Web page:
The Presiding Bishopric recommends that, without exception, separate quorum or group meetings be held, even though only one or two are present in each group.  Some of the finest Priesthood group meetings being reported are held when only one or two boys attend.  Why should any young man who resides in a ward where there are only two or three of his age group be denied the opportunities and care he would enjoy if he lived in a larger ward?”  (“Aaronic Priesthood,” IE 46(7):427, Jul,. 1943)

13 Aug.:  Lowering of age of elders to 18.

Setting of the draft age at eighteen years of age for young men for military service brought about certain considerations on the age at which young men should be ordained elder in the Melchizedek Priesthood.  On the basis of individual worthiness young men might now be ordained elders at the age of eighteen.  The former recommended age was nineteen.  (First Presidency Circular Letter, 13 Aug., 1943.  In Clark, Messages of the First Presidency 6:198.  Clark’s resume of letter.)

Sep.:  Quorums should train members in ordinances.

“It would be well for the Church Service committee to educate quorum members to perform the ordinances ordinarily used in the church.  While there are but few set forms, the formal prayers required when officiating in the ordinances should be learned and the manner of administering them thoroughly understood.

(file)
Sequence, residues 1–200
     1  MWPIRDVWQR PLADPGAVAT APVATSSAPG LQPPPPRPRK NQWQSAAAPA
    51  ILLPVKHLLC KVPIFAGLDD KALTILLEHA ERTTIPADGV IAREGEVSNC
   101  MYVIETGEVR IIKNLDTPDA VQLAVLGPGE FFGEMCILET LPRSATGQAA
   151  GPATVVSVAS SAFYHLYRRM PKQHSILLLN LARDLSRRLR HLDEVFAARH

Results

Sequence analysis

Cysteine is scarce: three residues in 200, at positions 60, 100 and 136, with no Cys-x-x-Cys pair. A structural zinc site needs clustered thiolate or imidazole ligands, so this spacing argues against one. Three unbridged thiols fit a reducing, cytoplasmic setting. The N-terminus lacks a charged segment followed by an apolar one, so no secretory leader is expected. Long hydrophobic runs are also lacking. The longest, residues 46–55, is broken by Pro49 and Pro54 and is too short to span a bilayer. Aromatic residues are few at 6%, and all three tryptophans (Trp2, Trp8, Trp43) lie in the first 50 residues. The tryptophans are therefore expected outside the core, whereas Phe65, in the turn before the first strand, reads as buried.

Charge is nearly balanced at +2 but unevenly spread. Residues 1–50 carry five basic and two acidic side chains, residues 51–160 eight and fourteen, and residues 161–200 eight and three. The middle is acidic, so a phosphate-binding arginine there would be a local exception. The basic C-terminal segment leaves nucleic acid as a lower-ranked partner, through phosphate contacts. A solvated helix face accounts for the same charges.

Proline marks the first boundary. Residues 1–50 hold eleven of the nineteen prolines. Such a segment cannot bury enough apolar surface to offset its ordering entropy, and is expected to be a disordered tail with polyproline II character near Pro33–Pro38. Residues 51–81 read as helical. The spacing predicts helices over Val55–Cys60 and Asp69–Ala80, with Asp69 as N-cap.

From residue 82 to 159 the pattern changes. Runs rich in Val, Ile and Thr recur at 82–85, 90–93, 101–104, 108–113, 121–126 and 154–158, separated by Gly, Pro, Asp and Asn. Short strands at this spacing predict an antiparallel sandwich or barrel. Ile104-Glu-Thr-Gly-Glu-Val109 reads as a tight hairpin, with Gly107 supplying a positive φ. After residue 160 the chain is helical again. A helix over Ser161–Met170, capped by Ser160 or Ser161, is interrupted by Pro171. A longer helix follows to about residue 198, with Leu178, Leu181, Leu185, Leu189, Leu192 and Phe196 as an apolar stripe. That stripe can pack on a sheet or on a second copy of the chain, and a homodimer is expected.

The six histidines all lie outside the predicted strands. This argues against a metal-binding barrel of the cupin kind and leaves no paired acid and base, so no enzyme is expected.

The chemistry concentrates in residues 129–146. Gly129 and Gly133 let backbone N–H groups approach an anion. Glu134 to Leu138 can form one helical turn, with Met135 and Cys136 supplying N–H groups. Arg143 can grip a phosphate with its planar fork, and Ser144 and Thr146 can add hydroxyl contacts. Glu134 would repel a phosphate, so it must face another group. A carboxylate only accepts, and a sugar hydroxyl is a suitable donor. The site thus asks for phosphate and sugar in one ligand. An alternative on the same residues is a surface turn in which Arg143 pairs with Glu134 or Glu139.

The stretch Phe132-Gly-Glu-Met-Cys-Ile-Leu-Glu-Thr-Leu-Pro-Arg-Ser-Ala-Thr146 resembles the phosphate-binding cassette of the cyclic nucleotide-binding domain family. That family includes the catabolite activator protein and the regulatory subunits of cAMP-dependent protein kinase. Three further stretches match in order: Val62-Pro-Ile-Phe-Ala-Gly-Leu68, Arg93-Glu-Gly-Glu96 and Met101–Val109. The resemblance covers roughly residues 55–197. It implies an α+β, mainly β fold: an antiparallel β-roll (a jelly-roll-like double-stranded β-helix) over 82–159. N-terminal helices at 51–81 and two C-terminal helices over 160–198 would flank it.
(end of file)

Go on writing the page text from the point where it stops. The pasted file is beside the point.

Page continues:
A quorum project to bring about a better understanding of the authorized methods of performing these ordinances is worthy of consideration by those who are charged with the responsibility of promoting church service in the quorums.”  (“Melchizedek Priesthood,” IE 46(9):552, Sep., 1943)

Oct.:  Excommunications.

[19 listed, no causes.]  (IE 46(10):606-607, Oct., 1943)

Oct.:  Individual Certificate of Award.

“The presiding bishopric have issued 6,500 individual Certificates of Award to members of the Aaronic priesthood who excelled in priesthood and other church work during 1942.  This feature of the program is very popular and young men all over the church are working diligently to receive this recognition for the current year.

The requirements for this Certificate of Award for 1943 are:

1. Seventy-five percent attendance at priesthood meeting.

2. Twelve priesthood assignments filled.

3. Full payment of tithing.

4. Observance of the Word of Wisdom.

5. One public address in a church meeting.

6. Participation in a church Welfare project.

7. Participation in an Aaronic priesthood quorum service project.”